Challenge to EPA licence for Shell

Harrington in judicial review challenge

The Shell gas terminal at Bellanaboy, Co Mayo. Court told of concerns over   potential impact on people and the environment.

The Shell gas terminal at Bellanaboy, Co Mayo. Court told of concerns over potential impact on people and the environment.

 

The Environmental Protection Agency sanctioned an “extraordinary” amendment of a “dead” licence for Shell’s gas terminal in Co Mayo months after agreeing to a court order quashing a revised licence, it was alleged at the Commercial Court.

Last January, the EPA purported to amend a licence issued in 2007 even though it had been superseded by another one which in turn was quashed by a High Court order, on consent of the EPA, in October 2013, Conleth Bradley SC said.

The later licence was quashed as it did not comply with the environmental protection requirements of Irish and European law, he said.

The January 2013 amendment was an attempt to “breathe life back into a dead licence” and the EPA’s justification amounted to “absolute nonsense” as there is no authority under Irish or European law for the 2007 licence to be brought back, he said.

Mr Bradley, with Michael O’Donnell, was opening the action by Martin Harrington aimed at quashing the amendment to the 2007 licence, made with a view to ensuring it conformed with a European directive on industrial emissions, and issued to Shell E&P Ireland.   The case, before Mr Justice Max Barrett, is listed to last three days.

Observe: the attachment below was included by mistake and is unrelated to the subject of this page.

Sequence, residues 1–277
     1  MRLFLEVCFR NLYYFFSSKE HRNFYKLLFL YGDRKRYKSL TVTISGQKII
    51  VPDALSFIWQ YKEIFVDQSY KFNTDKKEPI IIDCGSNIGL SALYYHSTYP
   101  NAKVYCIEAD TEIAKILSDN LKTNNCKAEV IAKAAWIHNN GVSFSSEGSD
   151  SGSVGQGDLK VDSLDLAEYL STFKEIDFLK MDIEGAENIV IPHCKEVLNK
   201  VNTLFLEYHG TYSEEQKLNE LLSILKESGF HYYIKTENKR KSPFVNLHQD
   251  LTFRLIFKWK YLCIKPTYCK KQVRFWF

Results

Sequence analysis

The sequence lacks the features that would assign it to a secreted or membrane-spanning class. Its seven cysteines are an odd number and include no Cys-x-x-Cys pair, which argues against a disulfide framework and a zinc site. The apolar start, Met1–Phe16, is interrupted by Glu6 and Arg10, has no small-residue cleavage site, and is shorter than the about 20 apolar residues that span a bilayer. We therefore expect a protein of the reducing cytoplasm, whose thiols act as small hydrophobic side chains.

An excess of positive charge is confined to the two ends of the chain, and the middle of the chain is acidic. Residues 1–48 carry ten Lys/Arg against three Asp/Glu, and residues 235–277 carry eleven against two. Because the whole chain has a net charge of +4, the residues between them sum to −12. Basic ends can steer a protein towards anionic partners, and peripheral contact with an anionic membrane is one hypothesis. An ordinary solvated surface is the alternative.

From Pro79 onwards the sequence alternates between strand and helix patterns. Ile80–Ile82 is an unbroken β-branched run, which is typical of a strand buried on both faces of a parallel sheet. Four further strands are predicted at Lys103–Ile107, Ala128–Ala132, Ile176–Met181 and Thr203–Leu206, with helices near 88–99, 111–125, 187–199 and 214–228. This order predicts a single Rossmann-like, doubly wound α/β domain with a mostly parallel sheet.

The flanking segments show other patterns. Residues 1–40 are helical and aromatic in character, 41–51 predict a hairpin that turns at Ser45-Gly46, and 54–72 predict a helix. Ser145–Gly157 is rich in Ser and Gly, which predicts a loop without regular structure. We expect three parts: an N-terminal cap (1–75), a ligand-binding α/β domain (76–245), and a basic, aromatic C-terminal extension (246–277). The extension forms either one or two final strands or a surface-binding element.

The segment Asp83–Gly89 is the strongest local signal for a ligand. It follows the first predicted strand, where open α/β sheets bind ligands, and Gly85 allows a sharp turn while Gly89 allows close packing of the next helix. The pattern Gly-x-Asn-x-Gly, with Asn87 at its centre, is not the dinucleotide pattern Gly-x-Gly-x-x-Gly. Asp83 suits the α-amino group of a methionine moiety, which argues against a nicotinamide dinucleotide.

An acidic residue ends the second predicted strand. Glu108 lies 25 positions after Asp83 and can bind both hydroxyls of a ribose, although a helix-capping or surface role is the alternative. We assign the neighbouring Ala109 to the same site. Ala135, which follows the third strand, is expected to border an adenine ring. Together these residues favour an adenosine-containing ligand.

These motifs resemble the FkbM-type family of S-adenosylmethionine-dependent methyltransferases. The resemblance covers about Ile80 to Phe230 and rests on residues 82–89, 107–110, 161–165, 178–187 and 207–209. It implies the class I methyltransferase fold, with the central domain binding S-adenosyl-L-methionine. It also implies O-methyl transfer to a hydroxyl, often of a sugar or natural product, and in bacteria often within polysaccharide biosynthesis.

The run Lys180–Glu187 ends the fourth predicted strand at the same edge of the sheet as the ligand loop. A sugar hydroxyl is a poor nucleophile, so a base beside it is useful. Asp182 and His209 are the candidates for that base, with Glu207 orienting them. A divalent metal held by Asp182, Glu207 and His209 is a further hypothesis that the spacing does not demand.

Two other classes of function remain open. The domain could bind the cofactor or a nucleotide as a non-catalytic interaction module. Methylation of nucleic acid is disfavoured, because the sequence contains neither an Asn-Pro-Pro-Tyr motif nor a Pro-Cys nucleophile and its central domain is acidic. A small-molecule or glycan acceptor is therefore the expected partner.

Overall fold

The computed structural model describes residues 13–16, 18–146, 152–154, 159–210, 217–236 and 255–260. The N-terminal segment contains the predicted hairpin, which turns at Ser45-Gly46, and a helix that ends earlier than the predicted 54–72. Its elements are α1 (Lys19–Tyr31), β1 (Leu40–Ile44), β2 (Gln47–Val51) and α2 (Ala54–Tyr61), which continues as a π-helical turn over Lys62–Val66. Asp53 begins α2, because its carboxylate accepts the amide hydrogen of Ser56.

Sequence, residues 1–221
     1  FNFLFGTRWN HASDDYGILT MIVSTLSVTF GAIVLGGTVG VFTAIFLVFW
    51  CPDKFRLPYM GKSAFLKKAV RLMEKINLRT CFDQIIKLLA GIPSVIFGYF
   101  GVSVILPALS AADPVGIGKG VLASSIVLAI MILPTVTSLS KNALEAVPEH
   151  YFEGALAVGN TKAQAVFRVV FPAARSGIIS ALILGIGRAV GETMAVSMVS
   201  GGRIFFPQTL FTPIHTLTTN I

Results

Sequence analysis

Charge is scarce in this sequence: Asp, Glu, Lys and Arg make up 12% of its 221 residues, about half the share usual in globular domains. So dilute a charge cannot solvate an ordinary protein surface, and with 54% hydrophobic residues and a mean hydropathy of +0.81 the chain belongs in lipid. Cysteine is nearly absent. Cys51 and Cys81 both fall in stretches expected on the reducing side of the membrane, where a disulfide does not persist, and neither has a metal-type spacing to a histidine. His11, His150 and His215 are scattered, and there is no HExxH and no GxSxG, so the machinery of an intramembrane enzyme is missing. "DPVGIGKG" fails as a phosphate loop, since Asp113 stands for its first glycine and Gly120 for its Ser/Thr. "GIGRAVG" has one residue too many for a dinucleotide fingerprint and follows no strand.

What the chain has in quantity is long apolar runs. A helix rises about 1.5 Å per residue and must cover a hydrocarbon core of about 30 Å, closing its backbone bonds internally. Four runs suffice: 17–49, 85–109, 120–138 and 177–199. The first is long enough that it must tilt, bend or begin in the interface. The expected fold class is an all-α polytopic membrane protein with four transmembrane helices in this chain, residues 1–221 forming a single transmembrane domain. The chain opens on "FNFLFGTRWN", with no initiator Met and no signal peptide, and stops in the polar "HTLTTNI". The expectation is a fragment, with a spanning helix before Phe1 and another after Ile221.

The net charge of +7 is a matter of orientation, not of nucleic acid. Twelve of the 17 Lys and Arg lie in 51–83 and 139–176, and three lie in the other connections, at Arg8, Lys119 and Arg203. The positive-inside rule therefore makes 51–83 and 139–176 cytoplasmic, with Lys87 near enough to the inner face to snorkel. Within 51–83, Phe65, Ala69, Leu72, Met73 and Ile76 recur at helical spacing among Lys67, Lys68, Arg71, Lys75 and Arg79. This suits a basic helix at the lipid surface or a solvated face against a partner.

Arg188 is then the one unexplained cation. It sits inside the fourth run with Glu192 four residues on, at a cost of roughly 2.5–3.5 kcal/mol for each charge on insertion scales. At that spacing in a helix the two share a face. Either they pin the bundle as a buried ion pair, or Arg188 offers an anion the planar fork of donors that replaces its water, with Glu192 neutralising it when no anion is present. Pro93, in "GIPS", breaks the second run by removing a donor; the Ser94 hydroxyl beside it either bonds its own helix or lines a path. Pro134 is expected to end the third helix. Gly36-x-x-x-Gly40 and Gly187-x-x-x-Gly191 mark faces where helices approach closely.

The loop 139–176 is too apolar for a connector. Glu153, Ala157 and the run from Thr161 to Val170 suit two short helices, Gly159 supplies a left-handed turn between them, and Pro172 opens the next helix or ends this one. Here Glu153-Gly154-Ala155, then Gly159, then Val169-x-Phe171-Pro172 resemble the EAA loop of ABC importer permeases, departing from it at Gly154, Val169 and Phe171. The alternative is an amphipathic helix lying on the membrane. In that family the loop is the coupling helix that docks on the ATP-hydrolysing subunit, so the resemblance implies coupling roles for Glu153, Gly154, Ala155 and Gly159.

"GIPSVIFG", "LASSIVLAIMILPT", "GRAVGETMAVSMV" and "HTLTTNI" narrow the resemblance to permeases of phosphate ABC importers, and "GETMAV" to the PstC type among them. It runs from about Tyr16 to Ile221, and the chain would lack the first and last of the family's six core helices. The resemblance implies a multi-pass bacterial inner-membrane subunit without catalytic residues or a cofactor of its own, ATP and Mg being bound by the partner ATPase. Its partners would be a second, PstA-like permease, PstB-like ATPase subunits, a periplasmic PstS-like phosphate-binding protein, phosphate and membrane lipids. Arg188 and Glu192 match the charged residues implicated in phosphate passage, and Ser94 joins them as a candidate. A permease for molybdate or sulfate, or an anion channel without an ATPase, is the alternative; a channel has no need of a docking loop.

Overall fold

‘Nothing underhand’
In opposing the action, solicitors for the EPA insist there was “nothing underhand” about the procedure and, in a letter last March, argued there was no point to the case because a review of the existing licence for the gas terminal is necessary and underway and will involve an Environmental Impact Assessment (EIA).

The solicitors warned Mr Harrington there could be costs implications if his case was not withdrawn.

In his judicial review challenge, Mr Harrington alleges the range of applications to modify the original design for the gas terminal suggested it was “never fully thought out”. Some 15 applications for planning permission, plus a range of applications for licences, illustrate his point, he claims.

In other proceedings last October, Mr Harrington, Geesala, Ballina, Co Mayo, won, on consent of the EPA, an order quashing the different revised licence issued by the agency for the gas terminal at Bellanaboy arising from defects in how the EPA carried out an EIA.

Mr Harrington says he is very concerned about the discharges from the refinery and their potential impact on people and the environment.

Solicitors for the EPA said the amendments approved to the 2007 licence are “purely administrative”. 

The case continues.